N. T. “Tom” Wright has just released another paradigm-shifting book suggesting a new, more scriptural way of understanding the atonement, The Day the Revolution Began: Reconsidering the Meaning of Jesus’s Crucifixion. Wright delves deeply into how the crucifixion and resurrection of Jesus accomplish our salvation.
(Rom. 6:8-10 NET) 8 Now if we died with Christ, we believe that we will also live with him. 9 We know that since Christ has been raised from the dead, he is never going to die again; death no longer has mastery over him. 10 For the death he died, he died to sin once for all, but the life he lives, he lives to God.
Verse 9 is, of course, central to the Christian message. Jesus was not merely resuscitated to die again. Rather, a resurrection defeats death. Jesus, by being resurrected, has overcome the “mastery” of Death and Sin. “Mastery” could also be translated “dominion” (as in the NIV, ESV, and NASB), which likely is closer to Paul’s thought. Although, if we were to think in terms of “master” and slave, the “mastery” would work very well. It’s just that that word has lost most of its slavemaster flavor in contemporary English.
V. 10 asserts that Jesus died “to sin once for all,” a phrase that is a major theme of Hebrews (Heb. 7:27; 9:12, 26; 10:2, 10). Jesus’s death is a singular event in cosmological history, never to be repeated and yet in no need of repetition (and hence re-baptism is an absurdity and insult to the grace of God). It’s singular occurrence was entirely sufficient.
In Hebrews, the single death of Jesus is contrasted to the constantly repeated animal sacrifices under the Law of Moses, showing its superiority. Paul’s point here is likely more in line with the singular Exodus. The Israelites were freed just once from Egyptian overlords. That one event in history makes them and their descendants free people forever — so long as they remain faithful to the covenant (which didn’t happen).
Jesus’ death was sufficient for all of humankind. He defeated Sin and Death on the cross. They never need to be defeated again. Like Pharaoh’s army at the bottom of the Red Sea, they’re going to stay dead — but having crossed the Red Sea into safety, the Israelites were required to live to God.
Just so, while Jesus has defeated Sin and Death — our versions of Pharaoh — once for all, now that we’ve crossed into the wilderness, we must live to God. We can’t accept God’s salvation from Pharaoh and then worship a golden calf at the foot of Mt. Sinai.
A note on re-baptism [JFG]
I say again: re-baptism is an absurdity and insult to the grace of God. In almost every case I’ve witnessed, re-baptism was requested because the believer did not believe the grace of God received after baptism would be powerful enough to expunge his later sins.
The other most common ground for re-baptism is doubt as to whether the believer adequately understood the meaning of baptism. Well, none of us adequately understands the meaning of baptism. Not a one. And we are not saved by our theological expertise. We are saved by grace through faith in Jesus. The thing the believer needs to have understood is that Jesus is our resurrected Lord (Rom 10:9), the Son of God. We need to know enough to call upon the name of Jesus as Lord.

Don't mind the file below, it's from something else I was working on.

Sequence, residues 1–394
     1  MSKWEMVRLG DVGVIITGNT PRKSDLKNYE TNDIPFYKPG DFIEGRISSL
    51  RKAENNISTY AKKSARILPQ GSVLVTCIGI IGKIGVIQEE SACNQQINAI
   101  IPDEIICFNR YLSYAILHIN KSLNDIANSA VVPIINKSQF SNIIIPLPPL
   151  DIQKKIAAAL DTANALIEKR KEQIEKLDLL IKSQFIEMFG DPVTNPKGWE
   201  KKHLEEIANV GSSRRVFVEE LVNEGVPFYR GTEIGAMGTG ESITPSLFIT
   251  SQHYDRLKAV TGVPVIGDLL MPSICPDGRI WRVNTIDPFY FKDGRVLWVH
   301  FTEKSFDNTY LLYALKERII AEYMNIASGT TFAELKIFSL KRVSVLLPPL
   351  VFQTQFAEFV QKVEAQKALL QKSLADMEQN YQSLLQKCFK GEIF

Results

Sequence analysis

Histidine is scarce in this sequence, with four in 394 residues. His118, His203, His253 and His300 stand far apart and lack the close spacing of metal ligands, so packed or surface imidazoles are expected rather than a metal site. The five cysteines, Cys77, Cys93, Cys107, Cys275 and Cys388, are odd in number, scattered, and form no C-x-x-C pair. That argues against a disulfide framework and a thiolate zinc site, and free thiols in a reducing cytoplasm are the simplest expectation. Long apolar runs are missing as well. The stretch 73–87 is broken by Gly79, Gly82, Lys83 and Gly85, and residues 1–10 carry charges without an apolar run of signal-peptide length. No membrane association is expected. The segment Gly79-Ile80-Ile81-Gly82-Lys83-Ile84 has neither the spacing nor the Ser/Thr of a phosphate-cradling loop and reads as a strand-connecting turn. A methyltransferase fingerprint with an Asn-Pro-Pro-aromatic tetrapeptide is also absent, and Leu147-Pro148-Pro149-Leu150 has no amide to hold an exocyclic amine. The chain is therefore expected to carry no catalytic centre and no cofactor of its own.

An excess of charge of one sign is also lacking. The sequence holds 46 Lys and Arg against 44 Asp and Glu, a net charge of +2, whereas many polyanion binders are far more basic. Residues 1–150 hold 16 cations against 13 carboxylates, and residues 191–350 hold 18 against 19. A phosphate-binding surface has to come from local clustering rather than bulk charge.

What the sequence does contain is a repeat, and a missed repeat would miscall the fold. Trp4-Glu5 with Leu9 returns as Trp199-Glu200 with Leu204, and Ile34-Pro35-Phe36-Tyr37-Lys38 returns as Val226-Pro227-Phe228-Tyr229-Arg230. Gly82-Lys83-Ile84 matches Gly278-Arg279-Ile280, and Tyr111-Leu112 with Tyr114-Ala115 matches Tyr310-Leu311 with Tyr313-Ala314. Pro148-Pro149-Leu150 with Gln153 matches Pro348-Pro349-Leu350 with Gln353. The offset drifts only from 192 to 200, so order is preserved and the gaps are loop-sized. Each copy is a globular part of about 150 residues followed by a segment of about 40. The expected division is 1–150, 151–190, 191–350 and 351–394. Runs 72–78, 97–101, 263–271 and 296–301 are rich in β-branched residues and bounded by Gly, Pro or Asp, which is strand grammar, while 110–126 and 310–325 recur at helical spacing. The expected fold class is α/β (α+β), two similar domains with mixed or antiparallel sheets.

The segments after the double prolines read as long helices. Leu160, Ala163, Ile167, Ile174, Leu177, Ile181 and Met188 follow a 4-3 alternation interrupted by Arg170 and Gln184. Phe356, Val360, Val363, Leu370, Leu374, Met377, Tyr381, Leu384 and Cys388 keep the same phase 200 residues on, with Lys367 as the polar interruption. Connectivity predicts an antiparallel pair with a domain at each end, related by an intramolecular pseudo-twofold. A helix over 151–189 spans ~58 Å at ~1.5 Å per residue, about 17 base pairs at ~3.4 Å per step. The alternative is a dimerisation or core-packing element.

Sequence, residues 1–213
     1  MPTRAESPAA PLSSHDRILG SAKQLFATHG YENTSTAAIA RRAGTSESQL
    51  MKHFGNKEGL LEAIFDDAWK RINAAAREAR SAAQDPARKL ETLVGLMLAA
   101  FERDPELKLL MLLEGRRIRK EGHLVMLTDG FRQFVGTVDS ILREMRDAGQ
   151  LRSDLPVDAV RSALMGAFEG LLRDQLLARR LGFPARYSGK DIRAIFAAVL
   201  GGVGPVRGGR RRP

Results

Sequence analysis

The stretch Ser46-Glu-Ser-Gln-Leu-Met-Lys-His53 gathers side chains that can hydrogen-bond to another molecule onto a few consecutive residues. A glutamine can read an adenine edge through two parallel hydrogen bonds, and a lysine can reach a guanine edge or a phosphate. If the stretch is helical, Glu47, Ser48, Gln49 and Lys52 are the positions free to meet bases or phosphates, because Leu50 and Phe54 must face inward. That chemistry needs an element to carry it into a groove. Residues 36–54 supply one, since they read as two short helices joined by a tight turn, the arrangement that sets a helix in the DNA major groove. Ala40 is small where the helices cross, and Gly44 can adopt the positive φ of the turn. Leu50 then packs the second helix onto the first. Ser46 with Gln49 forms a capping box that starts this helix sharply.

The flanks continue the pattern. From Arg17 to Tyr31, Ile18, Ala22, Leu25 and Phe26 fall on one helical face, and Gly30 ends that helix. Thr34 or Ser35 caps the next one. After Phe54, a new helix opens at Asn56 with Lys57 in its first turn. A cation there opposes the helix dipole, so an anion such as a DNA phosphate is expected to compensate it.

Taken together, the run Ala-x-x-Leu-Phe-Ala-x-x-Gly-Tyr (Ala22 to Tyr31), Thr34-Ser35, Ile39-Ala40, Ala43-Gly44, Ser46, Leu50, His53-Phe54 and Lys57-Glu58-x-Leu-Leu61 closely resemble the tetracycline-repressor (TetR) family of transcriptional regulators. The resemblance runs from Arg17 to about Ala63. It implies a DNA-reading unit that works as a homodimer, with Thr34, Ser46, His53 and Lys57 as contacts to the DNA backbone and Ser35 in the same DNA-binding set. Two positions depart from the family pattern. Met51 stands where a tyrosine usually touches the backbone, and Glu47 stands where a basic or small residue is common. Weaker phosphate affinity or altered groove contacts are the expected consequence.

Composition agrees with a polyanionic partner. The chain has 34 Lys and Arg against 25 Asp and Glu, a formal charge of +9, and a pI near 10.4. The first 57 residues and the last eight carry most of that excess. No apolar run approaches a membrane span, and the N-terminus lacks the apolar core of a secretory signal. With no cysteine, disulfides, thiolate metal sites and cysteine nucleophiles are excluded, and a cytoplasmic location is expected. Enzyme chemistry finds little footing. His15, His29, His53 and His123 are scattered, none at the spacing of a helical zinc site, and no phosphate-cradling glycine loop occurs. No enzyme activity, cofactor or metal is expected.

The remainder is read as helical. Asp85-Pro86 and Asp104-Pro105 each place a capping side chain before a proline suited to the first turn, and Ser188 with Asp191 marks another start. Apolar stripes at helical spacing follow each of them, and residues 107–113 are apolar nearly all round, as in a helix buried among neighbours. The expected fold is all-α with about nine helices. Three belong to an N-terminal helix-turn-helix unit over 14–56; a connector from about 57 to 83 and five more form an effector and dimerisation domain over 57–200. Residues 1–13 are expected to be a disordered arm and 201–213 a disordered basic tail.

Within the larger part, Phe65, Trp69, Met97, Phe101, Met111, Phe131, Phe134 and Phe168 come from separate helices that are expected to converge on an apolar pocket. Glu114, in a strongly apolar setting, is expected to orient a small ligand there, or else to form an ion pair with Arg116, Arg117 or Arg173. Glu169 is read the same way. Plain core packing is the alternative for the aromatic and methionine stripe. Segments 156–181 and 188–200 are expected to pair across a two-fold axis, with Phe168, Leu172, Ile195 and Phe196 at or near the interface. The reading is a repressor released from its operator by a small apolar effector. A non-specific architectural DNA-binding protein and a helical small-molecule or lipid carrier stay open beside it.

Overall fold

In fact, I’d make a list of baptismal truths here that most Church of Christ members don’t know — except I’m afraid that as soon as I point out our imperfect knowledge of baptism, some readers would go out and ask to be re-baptized — just to be sure.
Well, our assurance is not in our knowledge of baptismal theology or our punctilious performance of the rite according to all the rule, but the righteousness of God — which assures us that he’ll be true to his covenant promise to reckon our faith as righteousness.
When “gospel” preachers ask people to come forward to be re-baptized “just to be sure,” they’re casting doubt on the righteousness of God and faithfulness of Jesus, for the sake of appearing to have preached the gospel — and at the cost of teaching our members that God cannot be trusted to keep his promises. It creates a mindset of fear and self-reliance — that I must study and read until I know for sure everything that I have to know to earn my salvation. It destroys Christians. Stop it.
If you’re an elder, discourage the practice. Teach the true gospel and never, ever build an argument on “just to be sure” — because that creates a self-help, self-created salvation. Rather, preach, “I”m sure because God keeps his promises.” If you erode trust in God’s promises, then you erode faith (which includes trust), and pretty soon, your members will all doubt their salvation and be miserable, uncertain, worried sheep — making you a bad shepherd. Stop it.
(Rom. 6:11-14 NET) 11 So you too consider yourselves dead to sin, but alive to God in Christ Jesus. 12 Therefore do not let sin reign in your mortal body so that you obey its desires, 13 and do not present your members to sin as instruments to be used for unrighteousness, but present yourselves to God as those who are alive from the dead and your members to God as instruments to be used for righteousness. 14 For sin will have no mastery over you, because you are not under law but under grace.
Paul now draws the natural conclusion from his premises. If Sin and Death no longer rule over us, we should stop acting as though they do. We should stop murmuring and asking to return to Egypt because the desert is, well, desert — hot, dry, and inhospitable. After all, God himself is in the desert with us, leading us to the Promised Land. We should live accordingly.